Sonja Hackenmueller, '26 (left), Kaitlyn Powel, '25 (back right), and EJ Koscielski, '25 (front right), spend time inside the Pride Center lounge in Christmas Saucon on Feb. 28, 2024. The lounge is decorated with student art, pride flags, blankets, and pillows. (Holly Fasching / B&W Staff)

LGBTQ+ safety and education on campus


Nex Benedict, a 16-year-old non-binary student from Oklahoma, died suddenly on Feb. 7 after they were assaulted in a high school bathroom. 

Benedict’s specific cause of death is still unknown, but members of the LGBTQ+ community are searching for answers as rallies take place across the country. This death has also led many to evaluate the state of equity and resources available at Lehigh.

Tyler Katz is the engagement and programming associate at the Office of Jewish Student Life and a non-binary identifying member of Lehigh’s staff. They stressed the importance of education for queer individuals at all levels. 

“People need to know about us and who we are and that we just don’t magically exist until we’re 18,” Katz said. “Schools can, and should, be working with LGBTQ+ organizations and people.”

Katz said one of the best things Lehigh could do for its LGBTQ+ students after an event like this is state a clear condemnation on violence.

“Nex Benedict’s murder did not come from nowhere, it arose out of bigotry, it arose out of hatred,” Katz said. “When the two of these things are systematized instead of being condemned, this is how this kind of thing happens. This was a preventable death.”

Maddie DeAngelis, ‘25, majors in political science and English and aspires to be a lawyer one day. She is an LGBTQ+ identifying student and the president of Spectrum, the largest LGBTQ+ undergraduate student group on campus. 

Spectrum aims to provide a safe space for LGBTQ+ students and allies to gather. Their meetings involve educating people on queer issues.

DeAngelis said when she was applying to schools, she saw Lehigh ranked high for being an LGBTQ-friendly campus. Ultimately, this factored into her decision in choosing Lehigh. 

The Campus Pride Index ranks Lehigh five stars in the institution’s commitment to LGBTQ-inclusive policy, program and practice. Lehigh was also named seventh on the list of most LGBTQ-friendly colleges in the country by College Consensus

The Diversity and Equity Campus Climate Survey is created by the Higher Education Data Sharing Consortium. Lehigh administers this survey to students, faculty and staff every two years to provide a benchmark for ongoing diversity work. 

In 2022, Lehigh’s results indicated that the satisfaction with campus climate for diversity and inclusion averaged at 3.5 out of five. 

When talking about her own experience on campus, DeAngelis said she thought she had an easier time on campus as a cisgender, bisexual woman compared to openly transgender or non-binary students.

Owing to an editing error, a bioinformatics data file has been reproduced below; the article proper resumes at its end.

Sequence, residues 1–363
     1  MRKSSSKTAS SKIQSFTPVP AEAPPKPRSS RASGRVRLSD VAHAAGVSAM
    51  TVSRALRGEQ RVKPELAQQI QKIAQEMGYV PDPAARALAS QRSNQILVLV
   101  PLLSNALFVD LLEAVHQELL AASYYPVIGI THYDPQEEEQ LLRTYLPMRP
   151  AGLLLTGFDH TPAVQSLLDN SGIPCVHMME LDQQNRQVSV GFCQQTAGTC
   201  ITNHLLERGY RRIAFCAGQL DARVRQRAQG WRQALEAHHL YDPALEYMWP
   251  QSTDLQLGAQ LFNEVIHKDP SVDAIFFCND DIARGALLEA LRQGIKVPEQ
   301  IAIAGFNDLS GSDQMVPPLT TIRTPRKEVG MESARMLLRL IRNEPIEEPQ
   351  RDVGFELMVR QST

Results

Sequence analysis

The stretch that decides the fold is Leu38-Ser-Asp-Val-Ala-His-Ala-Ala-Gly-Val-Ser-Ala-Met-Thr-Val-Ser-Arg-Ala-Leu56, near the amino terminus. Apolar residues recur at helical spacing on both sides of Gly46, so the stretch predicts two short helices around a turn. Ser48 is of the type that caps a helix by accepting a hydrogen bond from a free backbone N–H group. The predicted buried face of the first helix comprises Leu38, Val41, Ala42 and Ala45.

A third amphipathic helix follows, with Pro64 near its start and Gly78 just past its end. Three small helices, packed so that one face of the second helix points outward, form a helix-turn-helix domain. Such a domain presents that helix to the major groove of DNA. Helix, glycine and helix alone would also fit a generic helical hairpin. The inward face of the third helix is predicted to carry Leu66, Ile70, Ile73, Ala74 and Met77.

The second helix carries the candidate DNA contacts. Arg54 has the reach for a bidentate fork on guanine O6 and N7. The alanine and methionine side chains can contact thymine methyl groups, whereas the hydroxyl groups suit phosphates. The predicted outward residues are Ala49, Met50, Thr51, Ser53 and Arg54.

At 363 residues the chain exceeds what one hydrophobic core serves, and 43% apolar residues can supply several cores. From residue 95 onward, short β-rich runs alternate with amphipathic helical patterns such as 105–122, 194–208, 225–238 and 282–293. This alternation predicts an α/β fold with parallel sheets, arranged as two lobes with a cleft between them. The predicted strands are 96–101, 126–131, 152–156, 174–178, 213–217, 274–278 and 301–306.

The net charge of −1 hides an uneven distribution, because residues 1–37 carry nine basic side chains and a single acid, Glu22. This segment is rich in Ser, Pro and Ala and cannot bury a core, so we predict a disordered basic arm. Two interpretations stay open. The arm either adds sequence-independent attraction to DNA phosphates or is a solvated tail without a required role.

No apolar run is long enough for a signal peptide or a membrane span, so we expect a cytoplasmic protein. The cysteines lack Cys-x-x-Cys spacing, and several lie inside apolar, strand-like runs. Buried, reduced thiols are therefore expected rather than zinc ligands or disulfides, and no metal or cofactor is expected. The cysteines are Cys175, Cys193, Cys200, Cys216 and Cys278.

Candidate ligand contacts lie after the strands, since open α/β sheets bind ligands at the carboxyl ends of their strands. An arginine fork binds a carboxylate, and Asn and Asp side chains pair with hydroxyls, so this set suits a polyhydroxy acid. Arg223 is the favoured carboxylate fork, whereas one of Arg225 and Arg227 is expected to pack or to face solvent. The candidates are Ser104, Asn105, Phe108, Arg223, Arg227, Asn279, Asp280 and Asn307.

“I felt as though I was able to move amongst my Lehigh peers who are straight-identifying and not part of queer culture due to the way I present myself,” DeAngelis said. “I don’t present myself as someone who’s not part of the gender binary, but I will say when some people found out I was bisexual in some social circles, things sometimes became a little complicated, which is why I sought out Spectrum.”

DeAngelis explained some people had perceptions and stigmas when it came to her being bisexual.

“It’s like that automatic assumption that just because I like girls, I would be attracted to them, but as we all know, that’s not how attraction works,” DeAngelis said. 

DeAngelis said it’s important to educate more about LGBTQ+ individuals as normalizing the idea to the community makes people more accepting and can prevent harmful assumptions.

Scott Burden is the director of The Pride Center for Sexual Orientation and Gender Diversity and is a part of the LGBTQ+ community. 

Burden provided a different perspective when it came to normalizing the LGBTQ+ members on campus and what the pride center seeks to do when it comes to this.

“I think queer literally means to not be normal,” Burden said. “I think we’re different. And that’s because we live in a world that says we’re different. There’s a certain aspect to reclaiming that I think is very important.”

Burden said what they and The Pride Center programs are interested in is not normalizing queer individuals, but rather normalizing treating all people with dignity.

Burden said campus policies alone aren’t enough to make a difference; the culture has to be set in place too.

“That’s why The Pride Center has so many ways to get involved and learn about queer people,” Burden said. “We do that through offering support groups, cultivating programs and helping student organizations.”

The Pride Center is located in Christmas Saucon Hall, room 204. According to their website, they work to create an environment where anyone, no matter how they identify, can be comfortable in their own skin.  

In the wake of an event like Benedict’s tragic death, the most important thing Burden believes in is to invest in queer futures.

“So many of these efforts and laws are geared towards sort of removing queer people from the history books,” Burden said. “What I can tell you with confidence is that queer people have always existed. Queer people exist today and queer people will continue to exist whether or not a law tells me I can or not.”

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